After a week away from home, settling back into our routine feels good. Last evening, as we unloaded food from a lunchtime run to the co-op and set about chopping vegetables for dinner, I snapped a few photographs to illustrate a few of our favorite tools for storing food with less waste.
I’ve made use of glass jars for storing food since college, but over the past several years I’ve tinkered with other useful alternatives to plastic and disposable food storage methods, as well. Reusables are better for the planet, of course, but I also appreciate the added ease of never having to add plastic bags, tin foil, plastic wrap, or parchment paper to the grocery list. Instead, glass and metal storage tins, silicone Stasher bags, and Bee’s Wrap take the place of disposable plastics, and last for years.
We’ve been turning to EarthHero recently when we need to stock up on reusables; their stringent criteria for selecting and shipping products means that you won’t be surprised with greenwashed items or unwanted plastic packing materials. They’ve also developed a library of sustainability logos that make it easy to tell whether a product fits with your values, and to identify recycled, upcycled, organic, and low-impact products at a glance.
As long-time lovers of Stasher reusable bags – for sandwiches, for snacks – we were thrilled by their recent addition of a half-gallon size, for storing vegetables in the fridge or putting up larger quantities of freezer goods. Stashers last for years and years when washed gently with dish soap and a dish brush. They’re sturdy and durable, easy to throw into a tote bag or the fridge alike.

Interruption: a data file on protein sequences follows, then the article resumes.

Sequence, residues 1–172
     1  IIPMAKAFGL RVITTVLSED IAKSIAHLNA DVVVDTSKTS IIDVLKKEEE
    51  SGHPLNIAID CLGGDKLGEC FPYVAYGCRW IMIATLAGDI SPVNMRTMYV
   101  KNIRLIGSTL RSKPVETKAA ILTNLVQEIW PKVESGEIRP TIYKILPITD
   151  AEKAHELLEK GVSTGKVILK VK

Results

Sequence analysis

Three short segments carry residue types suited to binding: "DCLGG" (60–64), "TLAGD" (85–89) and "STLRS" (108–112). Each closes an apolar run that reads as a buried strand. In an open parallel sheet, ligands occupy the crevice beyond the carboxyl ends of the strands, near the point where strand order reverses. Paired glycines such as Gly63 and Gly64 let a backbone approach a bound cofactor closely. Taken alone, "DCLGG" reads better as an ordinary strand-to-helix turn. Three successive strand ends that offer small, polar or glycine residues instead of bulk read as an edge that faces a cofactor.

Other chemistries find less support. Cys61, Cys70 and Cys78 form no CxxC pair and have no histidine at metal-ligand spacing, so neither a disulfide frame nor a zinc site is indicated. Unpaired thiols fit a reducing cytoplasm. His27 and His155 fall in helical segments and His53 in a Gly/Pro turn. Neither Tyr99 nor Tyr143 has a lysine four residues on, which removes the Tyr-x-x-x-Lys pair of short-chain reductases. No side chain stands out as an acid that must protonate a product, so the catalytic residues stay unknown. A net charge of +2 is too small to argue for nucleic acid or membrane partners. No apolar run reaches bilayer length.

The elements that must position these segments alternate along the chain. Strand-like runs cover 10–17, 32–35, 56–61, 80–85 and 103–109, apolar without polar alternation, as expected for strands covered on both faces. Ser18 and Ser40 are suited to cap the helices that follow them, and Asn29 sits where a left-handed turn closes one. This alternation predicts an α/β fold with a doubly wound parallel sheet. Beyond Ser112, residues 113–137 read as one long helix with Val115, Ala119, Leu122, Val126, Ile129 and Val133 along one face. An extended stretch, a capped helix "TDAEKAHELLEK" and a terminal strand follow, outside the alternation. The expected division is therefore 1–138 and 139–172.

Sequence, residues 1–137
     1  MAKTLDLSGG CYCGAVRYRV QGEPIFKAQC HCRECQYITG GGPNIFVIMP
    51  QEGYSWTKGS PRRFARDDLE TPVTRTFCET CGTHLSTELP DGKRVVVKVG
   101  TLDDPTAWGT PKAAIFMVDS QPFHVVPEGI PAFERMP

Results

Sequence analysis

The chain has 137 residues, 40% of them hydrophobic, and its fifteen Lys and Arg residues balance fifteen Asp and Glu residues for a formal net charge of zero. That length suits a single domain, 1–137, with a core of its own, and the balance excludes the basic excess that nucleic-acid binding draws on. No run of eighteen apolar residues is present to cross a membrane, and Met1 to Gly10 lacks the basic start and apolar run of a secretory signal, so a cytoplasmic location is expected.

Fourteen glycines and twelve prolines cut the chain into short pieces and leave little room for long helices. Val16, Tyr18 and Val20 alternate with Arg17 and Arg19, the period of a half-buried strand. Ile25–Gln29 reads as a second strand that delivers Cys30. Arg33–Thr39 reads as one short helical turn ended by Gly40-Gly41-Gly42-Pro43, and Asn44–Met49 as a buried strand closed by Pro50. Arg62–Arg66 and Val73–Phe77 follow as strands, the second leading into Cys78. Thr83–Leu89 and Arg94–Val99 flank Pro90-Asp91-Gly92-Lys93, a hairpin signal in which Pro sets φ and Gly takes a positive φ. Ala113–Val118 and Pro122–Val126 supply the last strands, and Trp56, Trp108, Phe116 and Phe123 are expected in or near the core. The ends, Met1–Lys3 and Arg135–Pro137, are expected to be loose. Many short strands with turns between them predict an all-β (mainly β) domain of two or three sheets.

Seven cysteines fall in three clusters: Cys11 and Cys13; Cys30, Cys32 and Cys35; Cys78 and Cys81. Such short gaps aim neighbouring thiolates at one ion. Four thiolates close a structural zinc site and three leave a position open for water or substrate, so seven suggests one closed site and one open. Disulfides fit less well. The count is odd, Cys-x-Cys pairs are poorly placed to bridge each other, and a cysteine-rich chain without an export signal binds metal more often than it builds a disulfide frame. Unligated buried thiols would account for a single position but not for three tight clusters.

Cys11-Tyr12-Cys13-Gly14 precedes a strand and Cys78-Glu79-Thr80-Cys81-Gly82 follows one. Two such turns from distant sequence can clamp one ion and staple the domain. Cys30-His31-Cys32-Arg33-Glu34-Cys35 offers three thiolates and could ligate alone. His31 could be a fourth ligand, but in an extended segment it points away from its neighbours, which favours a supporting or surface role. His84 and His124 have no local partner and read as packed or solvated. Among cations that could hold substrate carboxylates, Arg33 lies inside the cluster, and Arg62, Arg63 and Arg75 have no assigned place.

For dinner last night, we made a delicata squash and kale panzanella salad, with one of the first squashes of the season. We use Bee’s Wrap every day – to top a bowl of leftovers or vegetables cut in advance, around a loaf of bread to keep it fresh, to open the lid of a jar like so, to cover a pot of soaking beans.
Bee’s Wrap takes the place of plastic wrap, and a sheet can be washed gently with a little dish soap and used over and over (and over) again. They get softer over time, but each sheet lasts for six months to a year. We’ve long had a few pieces of their small and medium wraps, but recently added a larger wrap and a baguette wrap to our arsenal. (The Bee’s Wrap variety pack is an economical way to avail yourself of most of their sizes).
After dinner, we clean everything up for the next day. I work from home most days, so I store leftovers for my lunches in whatever container I have handy. Julian uses a large, divided stainless steel UKonserve to hold his lunch and a smaller, shallow divided version to hold granola and fruit for breakfast. (We use this granola recipe, made and eaten almost weekly). UKonserve containers are made from durable stainless steel, with a top that can be recycled at the end of its life (though we’ve had some of ours for a few years now, and they’re still going strong)
Most days Julian bikes to work, so having a trusty, leak-proof, unbreakable container is key. Though we mainly use glass containers in the fridge – being able to see what we have makes it that much more likely that our food will actually get eaten – stainless steel containers are our choice for on the go, lunches or otherwise. In the fall, in addition to our usual UKonserve containers, that also means soup in a stainless steel thermos.
For more simple swaps in your kitchen, EarthHero has corralled their favorite zero waste food storage solutions here. And, if you’d like, you can take 10% off your purchase at EarthHero with the code LITTERLESS.
What are your favorite food storage systems these days? Questions I can answer?
Tips for wasting less food, here.
(This post is sponsored by EarthHero, a one-stop shop for all things sustainable).